Cruising on the high seas is an ideal way to unwind, relax and visit new places. Once you have boarded the ship, there is nothing more you have to do, beyond enjoying yourself. You are effectively staying in a floating hotel, which takes you to new places, without any need to worry about transport.
Not surprisingly, cruising is extremely popular. The UK is the second largest cruise market in the world, with around 2m people from the UK taking ocean cruises last year alone.
Cruises can take you anywhere in the world that you choose, be it a trip around the Mediterranean, the Caribbean or even around the world. Potential locations are certainly dramatic and appealing, involving ports like Monte Carlo, Cartagena, Rome, Barcelona, Vigo, Tallinn, St Petersburg, Bruges, Copenhagen, Madeira and Stavenger, and sights such as the crystal clear waters and white sands of Caribbean ports or the pretty Tolkienish film locations of New Zealand.
By far the most popular cruises are to the Mediterranean and Northern Europe, especially the Baltic fjords and cruises to see the Northern Lights. The South Pacific and the Middle East around Dubai and Abu Dhabi are beginning to attract increasing numbers of cruise liners. Passengers to these places tend to fly to a specific port, join the ship and stay on board for a couple of weeks before flying back to the UK.
The big advantage of cruising is that it takes a lot of the hassle and difficulty out of travelling. You only have to unpack once, yet you can visit several different countries within the space of a few days.
While cabin space may be sometimes on the small side, each cruise ship is like a big floating city containing every facility you could possibly want. Relax in the swimming pool; sit on the promenades and watch the ocean drifting by; try a new sport; watch a film or show; enjoy live entertainment; use the gym; enjoy the finest cuisine in the main dining rooms and buffets and dance the night away – all for one overall cost. Sometimes even drinks and shore excursions are included in the price.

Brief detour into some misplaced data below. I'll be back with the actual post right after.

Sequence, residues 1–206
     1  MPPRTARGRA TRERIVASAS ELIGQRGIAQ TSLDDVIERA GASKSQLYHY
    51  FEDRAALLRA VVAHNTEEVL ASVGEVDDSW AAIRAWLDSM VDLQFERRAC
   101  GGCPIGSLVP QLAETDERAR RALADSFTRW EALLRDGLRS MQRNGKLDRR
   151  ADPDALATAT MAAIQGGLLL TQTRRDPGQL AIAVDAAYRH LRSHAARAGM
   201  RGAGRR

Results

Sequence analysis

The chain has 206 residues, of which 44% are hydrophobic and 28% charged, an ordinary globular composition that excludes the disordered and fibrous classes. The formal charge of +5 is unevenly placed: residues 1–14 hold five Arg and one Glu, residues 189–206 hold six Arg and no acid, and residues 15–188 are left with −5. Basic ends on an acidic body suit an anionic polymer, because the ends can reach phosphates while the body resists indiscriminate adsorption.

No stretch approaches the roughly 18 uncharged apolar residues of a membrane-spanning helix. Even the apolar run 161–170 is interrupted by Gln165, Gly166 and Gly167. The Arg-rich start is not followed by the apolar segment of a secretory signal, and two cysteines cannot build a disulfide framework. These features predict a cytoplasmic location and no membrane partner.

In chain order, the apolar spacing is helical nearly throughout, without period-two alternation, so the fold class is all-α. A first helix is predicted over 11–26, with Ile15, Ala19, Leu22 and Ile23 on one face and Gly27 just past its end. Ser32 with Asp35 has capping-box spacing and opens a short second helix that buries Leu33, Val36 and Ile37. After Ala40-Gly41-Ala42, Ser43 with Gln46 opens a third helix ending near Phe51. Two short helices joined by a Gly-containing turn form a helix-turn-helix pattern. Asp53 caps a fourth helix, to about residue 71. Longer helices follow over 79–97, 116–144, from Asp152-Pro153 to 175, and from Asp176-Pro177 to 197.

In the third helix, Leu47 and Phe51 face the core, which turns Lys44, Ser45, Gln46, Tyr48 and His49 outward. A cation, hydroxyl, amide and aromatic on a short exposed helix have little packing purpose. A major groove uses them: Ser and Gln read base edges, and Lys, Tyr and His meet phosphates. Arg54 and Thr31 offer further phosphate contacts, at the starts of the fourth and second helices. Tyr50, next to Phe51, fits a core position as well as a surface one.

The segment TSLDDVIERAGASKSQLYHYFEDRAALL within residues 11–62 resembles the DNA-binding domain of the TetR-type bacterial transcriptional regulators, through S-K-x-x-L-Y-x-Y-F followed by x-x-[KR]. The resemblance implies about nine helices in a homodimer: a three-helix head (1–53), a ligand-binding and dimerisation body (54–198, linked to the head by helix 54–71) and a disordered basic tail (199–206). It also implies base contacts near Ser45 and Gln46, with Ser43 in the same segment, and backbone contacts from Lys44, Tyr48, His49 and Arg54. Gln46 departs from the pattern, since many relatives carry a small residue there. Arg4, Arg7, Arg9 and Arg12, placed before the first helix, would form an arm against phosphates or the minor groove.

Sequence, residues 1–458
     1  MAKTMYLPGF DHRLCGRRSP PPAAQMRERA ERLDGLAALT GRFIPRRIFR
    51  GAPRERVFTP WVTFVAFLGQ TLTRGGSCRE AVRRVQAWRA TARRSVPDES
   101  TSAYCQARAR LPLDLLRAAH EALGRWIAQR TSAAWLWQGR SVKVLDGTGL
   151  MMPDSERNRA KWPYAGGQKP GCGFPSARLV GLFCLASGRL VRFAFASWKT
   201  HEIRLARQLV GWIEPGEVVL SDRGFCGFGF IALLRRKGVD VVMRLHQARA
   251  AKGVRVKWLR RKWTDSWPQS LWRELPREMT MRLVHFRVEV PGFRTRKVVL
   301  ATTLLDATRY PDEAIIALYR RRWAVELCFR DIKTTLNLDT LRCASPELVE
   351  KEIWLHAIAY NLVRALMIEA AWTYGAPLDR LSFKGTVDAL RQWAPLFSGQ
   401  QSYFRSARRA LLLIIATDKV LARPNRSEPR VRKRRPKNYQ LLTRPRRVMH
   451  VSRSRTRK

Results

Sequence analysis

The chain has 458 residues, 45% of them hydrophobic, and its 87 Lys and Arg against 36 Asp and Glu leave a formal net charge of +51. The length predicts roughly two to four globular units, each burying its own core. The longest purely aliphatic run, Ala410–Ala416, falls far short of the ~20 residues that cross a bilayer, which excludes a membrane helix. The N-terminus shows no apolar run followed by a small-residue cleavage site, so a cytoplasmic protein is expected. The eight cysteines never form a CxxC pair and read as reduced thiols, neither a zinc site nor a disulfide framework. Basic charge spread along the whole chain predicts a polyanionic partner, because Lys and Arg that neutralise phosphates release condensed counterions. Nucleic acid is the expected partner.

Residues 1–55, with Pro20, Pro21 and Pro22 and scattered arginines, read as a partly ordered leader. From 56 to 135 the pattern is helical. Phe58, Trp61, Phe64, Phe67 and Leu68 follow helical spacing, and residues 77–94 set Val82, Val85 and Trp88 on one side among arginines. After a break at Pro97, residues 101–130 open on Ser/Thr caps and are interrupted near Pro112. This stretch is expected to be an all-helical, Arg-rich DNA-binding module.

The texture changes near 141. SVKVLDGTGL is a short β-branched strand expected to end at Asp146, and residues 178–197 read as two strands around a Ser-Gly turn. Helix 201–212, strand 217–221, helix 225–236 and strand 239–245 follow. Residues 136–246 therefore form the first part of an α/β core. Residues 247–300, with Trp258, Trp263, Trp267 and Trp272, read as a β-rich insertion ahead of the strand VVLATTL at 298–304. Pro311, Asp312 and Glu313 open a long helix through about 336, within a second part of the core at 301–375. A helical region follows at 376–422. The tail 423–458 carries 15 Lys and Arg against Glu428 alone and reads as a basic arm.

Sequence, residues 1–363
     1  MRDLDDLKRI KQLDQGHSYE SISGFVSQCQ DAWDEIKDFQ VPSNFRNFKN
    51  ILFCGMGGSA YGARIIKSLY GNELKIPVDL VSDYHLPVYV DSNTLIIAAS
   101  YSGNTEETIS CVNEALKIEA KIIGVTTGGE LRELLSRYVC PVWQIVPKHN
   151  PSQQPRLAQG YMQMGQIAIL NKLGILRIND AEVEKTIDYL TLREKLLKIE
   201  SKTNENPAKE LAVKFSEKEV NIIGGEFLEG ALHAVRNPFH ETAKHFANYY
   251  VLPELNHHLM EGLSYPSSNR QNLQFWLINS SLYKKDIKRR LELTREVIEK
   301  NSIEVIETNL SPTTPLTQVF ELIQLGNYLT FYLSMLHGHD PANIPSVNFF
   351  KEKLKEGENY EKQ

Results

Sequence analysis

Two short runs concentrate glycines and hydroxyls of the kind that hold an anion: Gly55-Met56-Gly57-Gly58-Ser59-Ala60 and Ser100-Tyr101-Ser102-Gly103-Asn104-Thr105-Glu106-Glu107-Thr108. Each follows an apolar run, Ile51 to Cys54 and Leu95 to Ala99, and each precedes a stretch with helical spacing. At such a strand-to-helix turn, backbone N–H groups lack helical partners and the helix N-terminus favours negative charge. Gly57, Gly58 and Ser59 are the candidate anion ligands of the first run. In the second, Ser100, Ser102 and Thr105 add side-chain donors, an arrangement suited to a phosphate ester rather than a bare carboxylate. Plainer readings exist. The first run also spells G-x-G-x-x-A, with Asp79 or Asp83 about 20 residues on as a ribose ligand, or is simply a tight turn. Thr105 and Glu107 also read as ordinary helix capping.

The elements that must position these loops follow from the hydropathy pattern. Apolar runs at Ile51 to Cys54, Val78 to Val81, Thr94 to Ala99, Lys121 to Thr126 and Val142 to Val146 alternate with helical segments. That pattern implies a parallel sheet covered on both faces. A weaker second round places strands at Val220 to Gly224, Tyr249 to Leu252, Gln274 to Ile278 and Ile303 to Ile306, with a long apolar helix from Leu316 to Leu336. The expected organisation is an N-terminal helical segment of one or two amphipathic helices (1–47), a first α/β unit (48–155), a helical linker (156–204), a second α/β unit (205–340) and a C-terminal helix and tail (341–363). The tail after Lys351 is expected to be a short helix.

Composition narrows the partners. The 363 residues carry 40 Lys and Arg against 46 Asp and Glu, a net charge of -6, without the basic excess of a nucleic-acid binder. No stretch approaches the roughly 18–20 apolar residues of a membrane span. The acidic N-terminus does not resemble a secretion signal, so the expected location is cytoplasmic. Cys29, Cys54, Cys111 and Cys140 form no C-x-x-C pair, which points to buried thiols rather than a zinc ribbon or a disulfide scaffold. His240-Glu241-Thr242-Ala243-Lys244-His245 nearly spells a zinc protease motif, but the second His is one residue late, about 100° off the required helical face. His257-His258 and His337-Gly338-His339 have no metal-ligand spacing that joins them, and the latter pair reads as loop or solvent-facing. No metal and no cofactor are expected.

If you want to spend more, you can. There are numerous shops, special classes, spas and beauty salons, as well as a la carte and speciality restaurants on board. Guests can keep track of their extra spending by checking their accounts daily in the privacy of their own cabin, or at guest services.
Themed cruises are increasingly popular. There are lots of variations such as food & wine, art & crafts, history, world affairs, TV and film, fitness and wellness and sport – especially golf cruises where guests can visit a selection of top golf courses around the world.
The newly launched P&O cruise ship Britannia is running a series of cookery cruises with celebrity chefs such as Vivek Singh, one of the most successful Indian chefs, proprietor of three top London restaurants.
These cruises offer the opportunity to take part in cookery classes and to attend dinners with the host chefs. But it is not compulsory to take part in all these events – if one person in a group wants to do the activity, they can, whilst other members, family or friends, can happily enjoy other facilities on board. Even children can be kept busy with fully supervised activities and sports events, whilst parents follow their own interests, making cruising a perfect family holiday.
When choosing a cruise it is worth looking for the unusual ones, as these can sometimes offer something different. A maiden voyage on a newly commissioned vessel can provide an incredible opportunity to experience the extravagance of the golden age of cruising from the early twentieth century, as guests can enjoy welcoming parties, deck top galas and watch spectacular christening ceremonies.
Relaxing and totally hassle-free, cruising has a lot of offer for all the family. It is travelling made simple, enabling budgets to be closely maintained whilst exploring several countries during one holiday.
By Angela Youngman